The question was simple: Are you coming back next year?
As was the case with almost everything Sunday, Peyton Manning didn’t have much of an answer. Or at least not the ones Broncos fans were looking for.
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A few minutes after Denver’s 24-13 loss to Indianapolis in the AFC divisional playoffs, the 38-year-old quarterback was noncommittal about returning for the 2015 season, which would be his fourth in the Mile High City.
Asked in his postgame news conference where his mindset is for next season, Manning reiterated what he had said earlier to Broncos play-by-play voice Dave Logan: "I didn’t have a great answer for him."
Asked again, directly, if he could say "I’m coming back," Manning didn’t budge, saying he was more focused on the disappointment of the loss to his former team.
"I can’t give a simple answer without processing it," he said. "I can’t say that. I could not say that."
A marked contrast from last year at the Super Bowl, when Manning committed to coming back for 2014, or as recently as two weeks ago, when he said he "certainly" planned on being back for 2015 if the Broncos would have him.
Until the middle of November, that never looked as if it was in doubt.
Then, came the 22-7 loss to the Rams that motivated the Broncos to revamp their entire offense, turning a unit that broke NFL records for scoring and passing in 2013 into a grind-it-out operation.
Around then, questions percolated about the health of the 17th-year quarterback. In the aftermath of his 26-for-46, 211-yard performance against his former team — his second home playoff loss in the AFC divisional round in three seasons in Denver — Manning was forthcoming about a thigh bruise he suffered in a Dec. 14 game at San Diego. Yes, it lingered, but it wasn’t bad enough to keep him out of this one.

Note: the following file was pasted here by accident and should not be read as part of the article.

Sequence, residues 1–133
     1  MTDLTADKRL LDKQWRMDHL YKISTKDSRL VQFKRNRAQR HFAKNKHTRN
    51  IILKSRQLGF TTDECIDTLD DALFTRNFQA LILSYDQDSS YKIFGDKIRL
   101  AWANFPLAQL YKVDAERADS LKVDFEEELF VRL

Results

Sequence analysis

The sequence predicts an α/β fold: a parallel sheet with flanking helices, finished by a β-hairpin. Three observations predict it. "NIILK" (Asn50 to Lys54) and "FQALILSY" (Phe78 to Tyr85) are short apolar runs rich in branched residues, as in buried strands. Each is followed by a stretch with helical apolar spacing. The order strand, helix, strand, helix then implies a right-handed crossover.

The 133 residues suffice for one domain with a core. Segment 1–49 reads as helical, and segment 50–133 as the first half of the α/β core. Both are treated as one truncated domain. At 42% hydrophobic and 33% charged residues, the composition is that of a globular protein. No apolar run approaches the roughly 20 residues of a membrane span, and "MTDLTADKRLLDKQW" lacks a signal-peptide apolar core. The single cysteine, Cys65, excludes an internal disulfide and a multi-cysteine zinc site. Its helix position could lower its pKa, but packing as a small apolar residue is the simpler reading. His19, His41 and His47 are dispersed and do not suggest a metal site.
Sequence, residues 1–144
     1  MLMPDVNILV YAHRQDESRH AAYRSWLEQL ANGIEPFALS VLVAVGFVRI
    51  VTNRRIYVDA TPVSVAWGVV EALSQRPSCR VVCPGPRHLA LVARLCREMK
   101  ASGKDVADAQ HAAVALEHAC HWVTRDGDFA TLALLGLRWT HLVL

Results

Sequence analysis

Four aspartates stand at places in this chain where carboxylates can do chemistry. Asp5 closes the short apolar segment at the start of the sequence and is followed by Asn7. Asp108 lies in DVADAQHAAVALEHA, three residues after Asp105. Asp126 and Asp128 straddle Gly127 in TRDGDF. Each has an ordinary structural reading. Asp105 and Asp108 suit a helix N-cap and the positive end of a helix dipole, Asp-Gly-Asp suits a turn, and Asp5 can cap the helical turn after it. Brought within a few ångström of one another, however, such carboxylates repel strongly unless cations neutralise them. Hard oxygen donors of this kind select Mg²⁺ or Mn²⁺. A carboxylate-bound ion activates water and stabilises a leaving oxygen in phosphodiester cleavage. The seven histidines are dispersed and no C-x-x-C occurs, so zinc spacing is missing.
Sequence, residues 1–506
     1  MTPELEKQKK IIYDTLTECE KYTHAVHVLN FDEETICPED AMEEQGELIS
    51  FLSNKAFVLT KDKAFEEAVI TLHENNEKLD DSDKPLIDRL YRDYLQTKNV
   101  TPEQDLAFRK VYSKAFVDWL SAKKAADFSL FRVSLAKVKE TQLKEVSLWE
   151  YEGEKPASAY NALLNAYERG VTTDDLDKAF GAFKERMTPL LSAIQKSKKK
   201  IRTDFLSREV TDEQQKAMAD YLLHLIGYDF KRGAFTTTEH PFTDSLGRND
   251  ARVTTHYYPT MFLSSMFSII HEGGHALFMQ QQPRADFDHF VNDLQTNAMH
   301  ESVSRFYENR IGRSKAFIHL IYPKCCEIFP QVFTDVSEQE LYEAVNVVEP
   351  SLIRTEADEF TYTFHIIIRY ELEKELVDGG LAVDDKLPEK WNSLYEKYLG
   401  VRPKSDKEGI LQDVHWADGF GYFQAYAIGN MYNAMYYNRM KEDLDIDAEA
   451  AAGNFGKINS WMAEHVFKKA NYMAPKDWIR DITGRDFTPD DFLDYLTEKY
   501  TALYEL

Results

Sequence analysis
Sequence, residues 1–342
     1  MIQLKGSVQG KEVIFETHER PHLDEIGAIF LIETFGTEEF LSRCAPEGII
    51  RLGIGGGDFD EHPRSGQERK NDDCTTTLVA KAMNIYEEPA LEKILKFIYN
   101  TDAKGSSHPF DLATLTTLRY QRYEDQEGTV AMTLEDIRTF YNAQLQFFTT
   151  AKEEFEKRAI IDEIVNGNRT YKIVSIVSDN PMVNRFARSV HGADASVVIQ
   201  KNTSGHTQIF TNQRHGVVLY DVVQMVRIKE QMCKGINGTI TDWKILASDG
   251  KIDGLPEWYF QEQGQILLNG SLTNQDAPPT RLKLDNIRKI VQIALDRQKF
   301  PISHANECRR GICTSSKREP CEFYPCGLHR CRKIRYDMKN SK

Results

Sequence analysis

"Nothing more to it than that," he said. "And I … felt good with it coming into the day."
If he’s not injured, that leaves only one obvious explanation for the deterioration of his game.
He’s getting old. Fast.
Stats tell part of the story. Since the Rams game, his quarterback rating has been 84.6, about 13 points below his career average.
Pictures do, too. Even for a quarterback who can’t run, it was hard watching him roll out in the third quarter, then pass up the run and instead throw an incompletion despite a 20-yard gap between him and any defender on a third-and-5.
"Didn’t play well enough today and didn’t play well enough consistently in the second half of the season, especially in the games we lost," Manning said.
His unwillingness to commit made coach John Fox’s same stance behind the same podium a few minutes earlier seem more understandable.
Asked about a pregame report that he could be available if the Broncos suffered a loss Sunday, Fox hardly shot it down.
"I don’t make those decisions," he said. "I don’t control that. My intentions are to be a Denver Bronco and have been since I got here."
It should make Monday, and Tuesday and beyond interesting at Broncos headquarters, where executive vice president John Elway will be meeting with everyone, figuring out whether he needs to go to the "Plan B" that he readily admitted he didn’t have when he threw all his chips in with Manning in the 2012 offseason.
The goal was Super Bowl titles. Instead, Manning is 2-3 in the playoffs with Denver.
Because of uncertainty about his comeback from multiple neck surgeries, Manning didn’t receive a signing bonus when he came to Denver, so the cost of him leaving would be negligible and would free up the $38 million he stands to make over the next two seasons.
Still, Elway spent $60 million in guaranteed money last offseason on long-term contracts to upgrade his defense, which he said was the missing piece after Denver’s 43-8 loss to the Seahawks last season in the Super Bowl.
The idea — one Elway reiterated to Manning at midseason when things started going south — was that the quarterback shouldn’t have to do it all himself.
But the Broncos can’t do it when he’s not playing well, either. And so, it’s time for some soul searching, which for Manning will begin Monday.
It may not be pretty.
"I’ve always taken a pretty accurate look and fair evaluation of myself," he said. "I think I’m as honest with myself as anybody else is and probably as critical of myself as anybody else is."